The “Dignity for Incarcerated Women” Project: Mothering and Birthing

The incarceration of women, especially women of color, must be reviewed under human rights abuses and how this society perpetuates inter-generational trauma.  When we look to the individual and beyond media’s portrayal of incarcerated women, we see real people with real lives.  We find mothers.  

The numbers of mothers separated from their children is astounding.  How a system is implicated in imprinting disconnection is worth examining in and of itself.  However, when mothers birth shackled and many go without proper care before, during, and after the birth, systemic abuse is the problem.  Recently, Alicia Keys has brought this forth with a campaign to bring this to the forefront and end this violence.  

As this was brought to my attention just this week, it really got me thinking about how I, as a birth worker, have been aware of the history of injustices of incarcerated women birthing.  Back when I participated in working as a doula with women from jail, the only information online to be found was out of Cooke County and from work Sheila Kitzinger was doing.  There was so little public information to be found.  Now we know more.  Now it is illegal to handcuff women in labor in California.  Yet, many states continue to do so.  

Back when women would come in from the jail in the early 2000s I would be their doula.  The program had just started.  We were lucky to be able to attend them at all.   

In the early 2000s, California still handcuffed prisoners to the bed while laboring.  There was an art moving the handcuffs from a foot to a hand and back to a foot or going to the bathroom in between to help labor progress.  Sometimes women wouldn’t even be able to move their pillow due to positioning.  That was my job.  A female guard would be positioned at the foot of the bed watching.  Of course, the myth behind the cuffs was that someone had run at some point in labor.  I didn’t believe it.  I still don’t.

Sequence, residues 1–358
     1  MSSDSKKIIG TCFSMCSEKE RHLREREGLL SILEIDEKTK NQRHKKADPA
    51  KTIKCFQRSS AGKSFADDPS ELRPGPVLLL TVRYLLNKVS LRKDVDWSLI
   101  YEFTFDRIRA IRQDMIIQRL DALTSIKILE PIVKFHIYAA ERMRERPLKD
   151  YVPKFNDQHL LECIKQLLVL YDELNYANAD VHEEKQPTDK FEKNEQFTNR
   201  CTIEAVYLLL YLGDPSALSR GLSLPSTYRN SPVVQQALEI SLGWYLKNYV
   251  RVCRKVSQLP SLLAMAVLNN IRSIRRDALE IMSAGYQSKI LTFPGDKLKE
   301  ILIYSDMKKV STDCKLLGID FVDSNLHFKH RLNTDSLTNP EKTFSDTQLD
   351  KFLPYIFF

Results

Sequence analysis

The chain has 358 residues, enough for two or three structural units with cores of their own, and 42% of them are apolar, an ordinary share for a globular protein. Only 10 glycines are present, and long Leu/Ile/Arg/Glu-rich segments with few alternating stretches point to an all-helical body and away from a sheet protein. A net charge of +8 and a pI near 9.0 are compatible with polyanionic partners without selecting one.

Some I attended would wait until that specific guard they didn’t like or found abusive would finish their shift.  Another guard would come on and they would birth.  They felt safer.  Most I attended were only in for a few days: shoplifting for food or picking up a package for a boyfriend.  One got arrested because being homeless and pregnant was too difficult to care for oneself at the end of pregnancy. One particularly sticks with me as some births do.  She had 4 previous vaginal births and found out her baby would be taken away from her after the birth at 9 cm.  She stalled out.  Of course, she did.  She didn’t want to let her baby go.  They gave her an unnecessary cesarean.  I still don’t believe, with her back problem, she was completely numb during it even after they moved to general anesthesia.  I spoke up and was relieved of my duty of helping her as she would head to ICU due to anesthesia issues.  Residents seemed to get extra practice with interventions.  Was it worse that I was witnessing this as part of the system?  Yet I was grateful that a doula got to attend at all.

When my midwife was in prison in the 90s, she was at Frontera Prison in Corona where many women who were fire fighters (ones out there now), drug rehab and lifers were all put together.  Women would leave pregnant in labor and return empty-handed, leaking.  No official counseling.  Being there was punishment, after all.  Many didn’t know where their babies went, some sent them to the “Baby Lady” who took care of so many of their infants or children and would visit.  I still have my newsletters from my midwife about her experiences there.  I do know, in northern CA, there are some programs where women can keep their babies and nurse them.  

I remember I had 2 friends who ended up in jail the same day (another story).   They didn’t know each other, but had probably been at a birthday party for my daughter together in my neighborhood.  In any case, they ended up at the same table with a term pregnant mother who was crying, upset, fearing her experience of birth.  One of them said, “It’s going to be alright, my friend, she will be with you in labor.  She will rub your back and take care of you.”  The other woman said, “Yah, I have a friend who does that too.”  Then they realized I was the same friend.  I’m sure I didn’t go to that woman’s birth, but I can hope that another doula out there did.   And, at that time, however, she was probably handcuffed to the bed.

So many other stories and details I remember of women I sat with and their experiences.  It was real.  The women.  Their children.  It is different when you just hear about it happening.